The Federal Railroad Administration (FRA) last month announced new regulations governing rail inspections the agency says will help identify rail flaws and further eliminate the risk of derailments.
The new regulations require performance based inspections, a process designed to minimize rail defects that will generally result in an increase in tests performed over a designated area of track.
“Safety is our highest priority, and this new rule will make rail transportation even safer for everything from passengers and rail employees to crude oil and other freight shipments,” U.S. Department of Transportation Secretary Anthony Foxx said in a statement.
The final rule was published in the Federal Register. According to the FRA, the new rule will:
- Require the use of performance-based rail inspection methods that focus on maintaining low rail failure rates per mile of track and generally results in more frequent testing
- Provide a four-hour period to verify that certain less serious suspected defects exist in a rail section once track owners learn that the rail contains an indication of those defects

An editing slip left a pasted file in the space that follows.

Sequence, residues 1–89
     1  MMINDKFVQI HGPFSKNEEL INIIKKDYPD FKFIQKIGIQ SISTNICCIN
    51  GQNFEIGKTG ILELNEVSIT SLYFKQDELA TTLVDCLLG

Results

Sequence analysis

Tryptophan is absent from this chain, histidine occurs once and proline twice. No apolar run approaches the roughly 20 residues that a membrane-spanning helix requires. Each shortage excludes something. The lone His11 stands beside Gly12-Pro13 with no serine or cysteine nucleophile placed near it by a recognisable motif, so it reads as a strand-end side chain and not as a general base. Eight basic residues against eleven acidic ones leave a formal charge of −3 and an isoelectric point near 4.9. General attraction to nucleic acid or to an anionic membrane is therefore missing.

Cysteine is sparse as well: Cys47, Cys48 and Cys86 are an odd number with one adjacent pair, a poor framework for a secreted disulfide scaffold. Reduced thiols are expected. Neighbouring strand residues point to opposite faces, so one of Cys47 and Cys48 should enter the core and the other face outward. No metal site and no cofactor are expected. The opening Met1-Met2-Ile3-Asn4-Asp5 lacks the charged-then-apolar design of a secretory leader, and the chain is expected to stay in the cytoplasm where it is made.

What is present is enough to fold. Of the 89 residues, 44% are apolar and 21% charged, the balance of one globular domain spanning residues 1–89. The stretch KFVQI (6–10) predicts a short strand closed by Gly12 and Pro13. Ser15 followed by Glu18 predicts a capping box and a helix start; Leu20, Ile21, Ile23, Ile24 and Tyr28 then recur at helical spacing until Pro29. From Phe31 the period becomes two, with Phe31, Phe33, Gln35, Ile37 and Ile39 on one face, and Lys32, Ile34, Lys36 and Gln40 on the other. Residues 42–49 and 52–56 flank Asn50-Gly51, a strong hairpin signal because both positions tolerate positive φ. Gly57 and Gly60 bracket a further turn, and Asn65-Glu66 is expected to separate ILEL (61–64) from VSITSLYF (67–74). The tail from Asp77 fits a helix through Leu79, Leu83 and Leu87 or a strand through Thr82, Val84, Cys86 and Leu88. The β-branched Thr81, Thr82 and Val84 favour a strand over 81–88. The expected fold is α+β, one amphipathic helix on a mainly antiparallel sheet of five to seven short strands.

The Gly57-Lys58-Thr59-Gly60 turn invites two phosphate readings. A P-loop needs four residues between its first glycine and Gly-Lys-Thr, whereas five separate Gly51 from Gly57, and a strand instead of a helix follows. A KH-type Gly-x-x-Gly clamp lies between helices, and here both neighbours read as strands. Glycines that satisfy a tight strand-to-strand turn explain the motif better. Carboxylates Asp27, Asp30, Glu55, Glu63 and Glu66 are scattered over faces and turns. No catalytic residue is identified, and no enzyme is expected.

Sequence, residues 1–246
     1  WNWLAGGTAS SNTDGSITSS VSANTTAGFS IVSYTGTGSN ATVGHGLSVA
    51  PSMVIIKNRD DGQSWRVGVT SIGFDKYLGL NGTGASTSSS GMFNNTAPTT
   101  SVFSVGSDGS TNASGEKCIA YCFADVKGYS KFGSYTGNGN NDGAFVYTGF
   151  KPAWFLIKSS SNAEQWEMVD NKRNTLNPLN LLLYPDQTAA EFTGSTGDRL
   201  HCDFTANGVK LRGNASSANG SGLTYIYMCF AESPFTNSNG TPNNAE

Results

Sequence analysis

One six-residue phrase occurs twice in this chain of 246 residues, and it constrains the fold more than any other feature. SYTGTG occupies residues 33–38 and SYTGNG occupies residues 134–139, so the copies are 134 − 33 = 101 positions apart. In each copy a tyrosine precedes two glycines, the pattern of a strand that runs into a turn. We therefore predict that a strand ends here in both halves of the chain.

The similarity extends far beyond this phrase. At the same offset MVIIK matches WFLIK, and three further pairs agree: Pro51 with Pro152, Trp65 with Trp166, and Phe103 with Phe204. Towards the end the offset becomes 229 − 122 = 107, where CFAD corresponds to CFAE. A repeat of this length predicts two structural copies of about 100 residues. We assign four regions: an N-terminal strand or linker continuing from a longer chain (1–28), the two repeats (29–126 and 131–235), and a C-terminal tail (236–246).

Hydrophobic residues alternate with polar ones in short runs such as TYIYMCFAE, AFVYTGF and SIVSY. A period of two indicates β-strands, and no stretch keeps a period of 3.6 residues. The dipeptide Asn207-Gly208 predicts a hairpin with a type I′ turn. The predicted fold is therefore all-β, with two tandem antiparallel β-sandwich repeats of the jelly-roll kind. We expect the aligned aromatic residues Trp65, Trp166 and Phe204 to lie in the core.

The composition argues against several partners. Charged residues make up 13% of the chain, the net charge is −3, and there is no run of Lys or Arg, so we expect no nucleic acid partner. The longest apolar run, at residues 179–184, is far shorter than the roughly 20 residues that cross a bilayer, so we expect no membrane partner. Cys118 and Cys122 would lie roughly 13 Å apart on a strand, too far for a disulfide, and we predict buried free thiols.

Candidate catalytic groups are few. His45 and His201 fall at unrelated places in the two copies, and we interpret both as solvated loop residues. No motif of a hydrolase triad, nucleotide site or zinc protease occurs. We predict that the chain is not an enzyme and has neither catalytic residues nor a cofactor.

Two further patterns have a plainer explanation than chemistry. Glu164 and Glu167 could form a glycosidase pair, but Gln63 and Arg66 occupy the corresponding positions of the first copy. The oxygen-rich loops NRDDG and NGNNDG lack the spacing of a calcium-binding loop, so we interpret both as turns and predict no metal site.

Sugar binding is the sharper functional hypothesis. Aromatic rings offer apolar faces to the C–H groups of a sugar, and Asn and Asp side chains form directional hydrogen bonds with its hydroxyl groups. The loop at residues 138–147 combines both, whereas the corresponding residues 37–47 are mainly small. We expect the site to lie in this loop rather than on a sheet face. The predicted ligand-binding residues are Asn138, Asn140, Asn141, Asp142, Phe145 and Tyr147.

- Require that rail inspectors are properly qualified to operate rail flaw detection equipment and interpret test results
- Establish an annual maximum allowable rate of rail defects and rail failures between inspections for each designated inspection segment of track
The Federal Track Safety Standards require railroads to regularly inspect track conditions, and to also conduct separate rail inspections with specially equipped hi-rail motor vehicles that operate over rail tracks. This equipment employs ultrasonic technology to identify internal rail defects that could potentially lead to a crash.